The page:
Sunday, March 20, 2011

Live From Quantico: Follow Jane Hamsher

... on Twitter.

A sample from around 7:15pm CDT:

Quantico police will really teach 80 yr old @DanielEllsberg a lesson & keep him in jail over night. #CHANGE via web

It is clear the Marines at Quantico are doing what they have been ordered to do. How high up do the orders originate? Who knows... but I'd be willing to make a guess. SHAME on those issuing the orders!

I read somewhere that "80 yr old @DanielEllsberg" has been arrested over 80 times in his activist career. I suppose arrest #81 (or is it #82), for participating in a nonviolent protest, won't make much difference to him. But it certainly makes a difference to me. Totalitarian behavior can never be employed in defense of democracy, and when it rears its ugly head, it can be really, really ugly. Again... SHAME on those issuing the orders!

AFTERTHOUGHT: Whatever you think, don't blame the Virginia State Police who are providing crowd control at the demo. From Humanist on an FDL thread:

The line of Virginia State Police, wearing riot gear for crowd control at the protest rally, held their clear shields in front of them, and each shield had a round, orange sticker saying “Free Bradley Manning” with his profile in black. Wonderful.



  1. Today is the 8th anniversary of the invasion of Baghdad, which means that in a few days, I'll be celebrating the 8th anniversary of the day I went to jail in protest of this shit.

    I never, never thought it would still be happening 8 years later, no matter how ultimately futile I realized my protest turned out to be (I was one of the 7 million dismissed by Shrub as a 'focus group').

    My thoughts and feelings right now -- Iraq, Afghanistan, Manning, Libya (but not Bahrain or Yemen, funny that) -- are so confused. I genuinely don't know how to feel about any of it.

    Well, except for royally pissed off and ashamed.

    As soon as I have my nurse's license, I may bunk off to England. Or New Zealand.

  2. Constance, I'm amazed that Austin's police arrested you, and Houston's didn't arrest me. We (mostly Amnesty folks) "occupied" Mecom Fountain in the middle of Main Street for many weeks before the start of the Iraq war. We were harassed plenty, but never by the police... Freepers (and I mean quite literally Free Rxpublxc folks) attempted unsuccessfully to provoke us to fisticuffs, but the cops never did more than escort us a couple blocks to our cars when the demo was over, arguably for our own protection.

    We should never have gone to Iraq. There was never a basis in fact for any of Shrub's "reasons." Afghanistan was a predictable quagmire, but America seemed determined to follow in the misbegotten path of the Soviets, who learned about that quagmire the hard way. Obama has managed not to invade Iran, but who thinks bombing Libya is going to help the people there? We could bomb northern Africa, the Middle East, etc., all to no avail.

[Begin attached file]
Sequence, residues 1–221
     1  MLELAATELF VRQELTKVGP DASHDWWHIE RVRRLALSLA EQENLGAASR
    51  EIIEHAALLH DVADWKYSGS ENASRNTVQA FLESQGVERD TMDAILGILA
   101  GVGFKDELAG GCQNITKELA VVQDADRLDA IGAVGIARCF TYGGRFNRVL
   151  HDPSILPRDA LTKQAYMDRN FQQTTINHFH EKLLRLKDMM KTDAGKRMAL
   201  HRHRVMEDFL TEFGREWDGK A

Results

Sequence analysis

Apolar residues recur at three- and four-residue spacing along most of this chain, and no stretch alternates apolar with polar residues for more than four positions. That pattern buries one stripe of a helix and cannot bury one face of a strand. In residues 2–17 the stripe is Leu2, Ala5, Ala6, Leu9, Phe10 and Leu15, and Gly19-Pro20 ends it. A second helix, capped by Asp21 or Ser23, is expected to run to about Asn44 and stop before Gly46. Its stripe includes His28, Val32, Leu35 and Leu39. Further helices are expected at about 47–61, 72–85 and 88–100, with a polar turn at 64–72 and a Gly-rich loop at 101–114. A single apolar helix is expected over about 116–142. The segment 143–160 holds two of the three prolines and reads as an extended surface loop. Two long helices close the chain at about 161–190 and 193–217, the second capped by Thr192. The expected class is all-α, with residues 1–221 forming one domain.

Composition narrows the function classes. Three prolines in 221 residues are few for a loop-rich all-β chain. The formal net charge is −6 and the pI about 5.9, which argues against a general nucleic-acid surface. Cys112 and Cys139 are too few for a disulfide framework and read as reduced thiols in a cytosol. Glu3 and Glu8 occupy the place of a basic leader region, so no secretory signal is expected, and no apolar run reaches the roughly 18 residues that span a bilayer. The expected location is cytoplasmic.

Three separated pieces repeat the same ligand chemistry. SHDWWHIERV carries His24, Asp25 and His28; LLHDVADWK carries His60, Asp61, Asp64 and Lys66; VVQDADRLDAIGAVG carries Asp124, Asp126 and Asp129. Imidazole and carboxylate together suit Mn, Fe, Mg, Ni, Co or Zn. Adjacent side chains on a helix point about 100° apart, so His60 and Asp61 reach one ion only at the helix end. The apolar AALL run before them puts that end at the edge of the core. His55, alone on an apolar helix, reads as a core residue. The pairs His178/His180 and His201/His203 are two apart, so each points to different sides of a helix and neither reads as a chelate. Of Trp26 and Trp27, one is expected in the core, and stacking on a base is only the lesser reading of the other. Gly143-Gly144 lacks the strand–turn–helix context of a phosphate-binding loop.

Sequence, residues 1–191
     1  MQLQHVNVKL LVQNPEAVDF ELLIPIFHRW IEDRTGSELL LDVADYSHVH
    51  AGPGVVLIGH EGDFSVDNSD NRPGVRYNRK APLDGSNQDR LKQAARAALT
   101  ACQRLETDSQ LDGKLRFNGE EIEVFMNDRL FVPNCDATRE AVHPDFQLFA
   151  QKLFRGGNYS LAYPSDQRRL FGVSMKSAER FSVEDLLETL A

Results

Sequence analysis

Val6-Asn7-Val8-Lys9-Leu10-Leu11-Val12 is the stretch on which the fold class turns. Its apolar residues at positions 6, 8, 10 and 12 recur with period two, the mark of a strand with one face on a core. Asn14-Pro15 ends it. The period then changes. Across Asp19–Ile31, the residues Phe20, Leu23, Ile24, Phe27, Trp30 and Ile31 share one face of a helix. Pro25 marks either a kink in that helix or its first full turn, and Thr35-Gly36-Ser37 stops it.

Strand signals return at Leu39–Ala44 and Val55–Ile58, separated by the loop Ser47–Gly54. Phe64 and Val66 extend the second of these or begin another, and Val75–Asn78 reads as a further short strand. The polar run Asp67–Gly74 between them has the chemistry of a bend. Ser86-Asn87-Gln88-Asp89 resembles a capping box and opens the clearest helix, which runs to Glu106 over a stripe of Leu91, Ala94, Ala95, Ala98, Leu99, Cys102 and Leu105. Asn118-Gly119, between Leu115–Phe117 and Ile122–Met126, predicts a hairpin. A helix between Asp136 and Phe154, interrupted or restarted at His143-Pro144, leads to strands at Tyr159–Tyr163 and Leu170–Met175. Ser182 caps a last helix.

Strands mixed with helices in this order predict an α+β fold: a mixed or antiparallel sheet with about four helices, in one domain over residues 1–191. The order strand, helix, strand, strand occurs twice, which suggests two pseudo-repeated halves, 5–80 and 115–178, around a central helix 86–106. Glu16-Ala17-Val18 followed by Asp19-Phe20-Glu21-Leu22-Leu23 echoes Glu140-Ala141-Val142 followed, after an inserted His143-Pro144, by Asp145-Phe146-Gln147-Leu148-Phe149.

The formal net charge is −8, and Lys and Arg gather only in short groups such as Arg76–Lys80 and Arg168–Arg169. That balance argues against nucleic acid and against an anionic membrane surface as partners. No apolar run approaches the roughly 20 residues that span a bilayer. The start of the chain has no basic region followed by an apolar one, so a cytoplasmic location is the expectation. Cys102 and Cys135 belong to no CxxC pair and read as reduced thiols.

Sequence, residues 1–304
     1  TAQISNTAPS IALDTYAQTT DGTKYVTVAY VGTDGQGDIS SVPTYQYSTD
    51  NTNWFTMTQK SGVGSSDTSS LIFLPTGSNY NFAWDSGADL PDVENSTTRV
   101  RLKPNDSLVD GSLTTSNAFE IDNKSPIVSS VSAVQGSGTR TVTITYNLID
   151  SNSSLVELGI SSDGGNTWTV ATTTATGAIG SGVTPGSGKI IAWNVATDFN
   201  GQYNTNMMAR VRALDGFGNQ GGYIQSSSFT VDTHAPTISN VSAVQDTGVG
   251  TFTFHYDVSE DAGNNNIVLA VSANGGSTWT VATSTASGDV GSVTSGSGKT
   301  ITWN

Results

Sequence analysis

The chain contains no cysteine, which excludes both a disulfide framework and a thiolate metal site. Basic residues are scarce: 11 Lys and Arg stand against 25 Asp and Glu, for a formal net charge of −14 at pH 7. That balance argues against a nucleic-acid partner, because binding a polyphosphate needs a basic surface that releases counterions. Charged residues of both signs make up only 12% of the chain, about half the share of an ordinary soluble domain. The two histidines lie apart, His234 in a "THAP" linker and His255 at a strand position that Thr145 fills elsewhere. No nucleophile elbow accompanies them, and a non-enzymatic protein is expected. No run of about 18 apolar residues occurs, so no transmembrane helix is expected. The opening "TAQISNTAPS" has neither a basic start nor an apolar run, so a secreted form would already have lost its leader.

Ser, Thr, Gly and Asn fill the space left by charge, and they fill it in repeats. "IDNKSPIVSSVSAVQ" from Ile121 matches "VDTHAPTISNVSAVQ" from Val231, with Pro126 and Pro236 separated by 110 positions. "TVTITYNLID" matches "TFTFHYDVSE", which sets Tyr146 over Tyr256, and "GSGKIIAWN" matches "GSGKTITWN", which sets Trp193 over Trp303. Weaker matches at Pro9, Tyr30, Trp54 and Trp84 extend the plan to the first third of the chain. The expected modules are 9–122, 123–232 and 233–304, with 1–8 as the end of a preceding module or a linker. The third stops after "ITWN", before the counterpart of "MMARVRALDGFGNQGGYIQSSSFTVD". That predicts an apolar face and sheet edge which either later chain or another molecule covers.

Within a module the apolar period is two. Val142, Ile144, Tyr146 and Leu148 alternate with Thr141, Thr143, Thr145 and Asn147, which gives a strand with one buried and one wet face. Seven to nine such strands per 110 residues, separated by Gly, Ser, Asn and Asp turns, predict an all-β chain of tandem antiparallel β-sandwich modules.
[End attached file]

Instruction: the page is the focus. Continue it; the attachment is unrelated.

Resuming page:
I am exasperated but powerless now that votes do not seem to affect the outcomes of elections.

  3. Ours was a big march through downtown Austin, and we had a permit, so APD closed down the street where we planned our die-in in front of CDC Cyncorp's building on Cesar Chavez (here's irony for you -- they closed down the street but charged US with obstruction of a roadway). Even if they hadn't been inclined to arrest us for that, two events pushed them into it:

    1. The spontaneous, utterly disorganized and chaotic protest on the Congress Avenue Bridge two days before. Neither the impromptu protesters nor the cops who responded to it had any idea what the hell was going on, so it ended in tears (literally -- the protesters got pepper sprayed).

    2. About a dozen of our marchers decided at the last minute -- at least, that was their story -- to chain themselves across the entrance to the garage at the Fox News affiliate. They got nailed for trespassing.

  4. "Totalitarian behavior can never be employed in defense of democracy" That's first delusion I shed during the Oakland police riots and Kent State.

  5. Mandt: except in Wisconsin, Ohio and (insert next domino here).

  6. MandT - nonviolent protest without violent response is becoming ever more rare as time goes on. Kent State never really recovered; I have a friend who attended there.

    Constance - point taken, no doubt about it. FWIW, Kent State is in Ohio. And MandT is not a single individual but a couple who (unlike Stella and me) post under one name. See adgitadiaries in my blogroll; I think you'll appreciate what they bring to the discussion.



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